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Releasing is a process where previously non-public information (located typically in the project wiki Erac) is considered public and is moved to an open website (typically Opasnet or Wikipedia).


What are the criteria for public and non-public information, and what are the rules for releasing information?


Terms used

Public information
is any information that can be obtained from a publicly available information source (including sources that are not free of charge).
Non-public information
in this context is any information that has been provided to the Erac website and does not fulfil the criteria of public information.

In respect of ownership and immaterial property rights in the Opasnet and Erac websites and collaboration, all contributions consist of two elements: information content and style.

  • The information content is owned by the contributor until it has been published, after which it is in the public domain. However, the scientific merit belongs to the person who originally presented this information, and the merit is not taken away when publishing. On the contrary, merit is only given to pieces of information that are published. Pieces of information within the Erac website are not considered published. Therefore, they only possess potential merit.
  • The style means the actual unique, maybe artistic, use of words and other forms of expression; the artifact. Copyright laws apply to style. The style is owned by the contributor. The contributor may give his/her artifact into the public domain, after which it can be freely used without copyright restrictions.


The following rules apply to information in Erac.

  • Unless otherwise agreed, each contributor has the ownership to the information content and the style of his/her own contribution.
  • A protection area means a group of web pages that are read-protected and only viewable by a particular group of defined users within the Erac website. Technically, each protection area is a separate namespace. The 'Main' namespace is a special protection area in the sense that ALL users of Erac website have a read permission to the area.
  • Other users of Erac may freely and free of charge use contributions of others WITHIN the protection area where the information is located. They are NOT allowed to use or move the information ANYWHERE else without an explicit permission from the original contributor.
  • Metadata, i.e. information about a piece of information can be used within the whole Erac website even if the information itself is in a protected area. The metadata may not reveal the actual information, only the type, format, and owner of it. Specifically, links to protected pieces of information may be used from outside the protected area.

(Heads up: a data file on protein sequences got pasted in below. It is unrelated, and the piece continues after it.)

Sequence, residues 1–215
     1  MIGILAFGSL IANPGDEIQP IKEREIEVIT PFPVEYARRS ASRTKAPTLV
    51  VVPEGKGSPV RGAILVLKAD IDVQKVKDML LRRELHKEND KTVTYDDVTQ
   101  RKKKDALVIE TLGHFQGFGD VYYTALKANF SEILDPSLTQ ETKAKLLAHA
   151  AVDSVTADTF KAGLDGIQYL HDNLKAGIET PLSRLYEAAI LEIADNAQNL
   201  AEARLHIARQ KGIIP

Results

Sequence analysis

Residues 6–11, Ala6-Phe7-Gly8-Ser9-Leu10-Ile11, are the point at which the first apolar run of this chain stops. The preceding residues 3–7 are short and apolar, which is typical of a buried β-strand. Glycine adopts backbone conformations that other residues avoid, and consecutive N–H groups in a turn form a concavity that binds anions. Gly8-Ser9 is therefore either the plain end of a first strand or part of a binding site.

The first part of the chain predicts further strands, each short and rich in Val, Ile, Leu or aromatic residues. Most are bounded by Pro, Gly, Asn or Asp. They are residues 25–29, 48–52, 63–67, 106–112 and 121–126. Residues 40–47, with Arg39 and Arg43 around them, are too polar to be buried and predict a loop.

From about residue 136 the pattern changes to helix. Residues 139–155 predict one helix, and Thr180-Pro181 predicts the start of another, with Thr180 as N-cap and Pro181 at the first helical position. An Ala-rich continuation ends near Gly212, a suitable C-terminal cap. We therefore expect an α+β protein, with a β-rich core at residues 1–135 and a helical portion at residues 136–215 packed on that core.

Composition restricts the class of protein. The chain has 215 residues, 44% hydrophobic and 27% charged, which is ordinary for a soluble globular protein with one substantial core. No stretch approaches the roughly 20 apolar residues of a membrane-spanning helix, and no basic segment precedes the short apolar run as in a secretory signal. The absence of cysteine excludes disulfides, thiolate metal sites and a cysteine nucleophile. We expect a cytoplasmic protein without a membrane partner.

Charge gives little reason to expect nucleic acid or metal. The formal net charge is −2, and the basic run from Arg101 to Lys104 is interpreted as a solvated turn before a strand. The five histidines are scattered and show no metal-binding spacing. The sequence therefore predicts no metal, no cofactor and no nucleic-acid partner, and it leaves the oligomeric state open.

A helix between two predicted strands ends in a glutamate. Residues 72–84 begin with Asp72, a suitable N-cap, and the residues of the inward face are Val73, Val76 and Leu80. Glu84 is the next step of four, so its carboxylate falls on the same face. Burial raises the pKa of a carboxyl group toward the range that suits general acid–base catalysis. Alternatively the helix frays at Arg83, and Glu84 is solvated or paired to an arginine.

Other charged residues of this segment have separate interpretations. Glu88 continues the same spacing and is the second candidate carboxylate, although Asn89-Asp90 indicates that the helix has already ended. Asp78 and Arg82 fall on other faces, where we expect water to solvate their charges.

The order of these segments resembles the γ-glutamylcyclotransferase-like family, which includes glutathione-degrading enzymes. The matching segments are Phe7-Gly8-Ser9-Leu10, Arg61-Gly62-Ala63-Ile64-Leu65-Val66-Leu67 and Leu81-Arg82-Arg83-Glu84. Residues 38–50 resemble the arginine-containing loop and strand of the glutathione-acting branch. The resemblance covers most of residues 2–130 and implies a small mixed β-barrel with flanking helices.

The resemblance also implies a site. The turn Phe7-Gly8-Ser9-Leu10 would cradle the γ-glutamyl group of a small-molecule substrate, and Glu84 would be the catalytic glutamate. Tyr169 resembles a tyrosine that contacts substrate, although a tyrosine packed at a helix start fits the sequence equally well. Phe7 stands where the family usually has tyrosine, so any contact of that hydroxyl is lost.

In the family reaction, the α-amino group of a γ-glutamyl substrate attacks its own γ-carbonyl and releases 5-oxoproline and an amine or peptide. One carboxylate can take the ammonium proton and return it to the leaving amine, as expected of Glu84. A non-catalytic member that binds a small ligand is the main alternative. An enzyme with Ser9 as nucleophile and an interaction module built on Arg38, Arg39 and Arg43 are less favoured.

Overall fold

• The Erac website should not contain public information, but it should locate on the Opasnet website instead. If a piece of public information is found, it can be moved to Opasnet after a proper proof of its public nature and resolving of the style ownership. The action of moving information from Erac to Opasnet is called releasing.
    • The owner of the style of a piece of information can prevent the release of the piece. A common example is an article manuscript that, for a large part of the introduction or discusssion, may contain public information. However, he/she cannot prevent the use of public information.
  • The process of release is the following:
    • If there is only one owner, he/she can release the piece of information at any time without further formalities.
    • A release is suggested by adding a {{release}} template to the page.
    • The release suggestion must be defended by a proof that the information actually is publicly available. The defence is located on the Talk page as a formal Discussion.
    • The current contributions related to the piece of information are evaluated, and a summary is written. The summary is a part of the defence for the release. It is also subject to formal discussion.
    • After the discussion has converged to a resolution for release, and the resolution has not changed for two weeks, the piece of information may be released.
    • The current version is released, and the previous versions remain on the Erac website. If a whole page is released, the page content is replaced by a redirect to the new page in the open website (typically Opasnet or Wikipedia).
    • The summary of the contributions is located on the Talk page of the new page.
  • If a page is edited by several contributors, they may make a joint agreement on how the contributions of a particular version is divided or jointly owned.

See also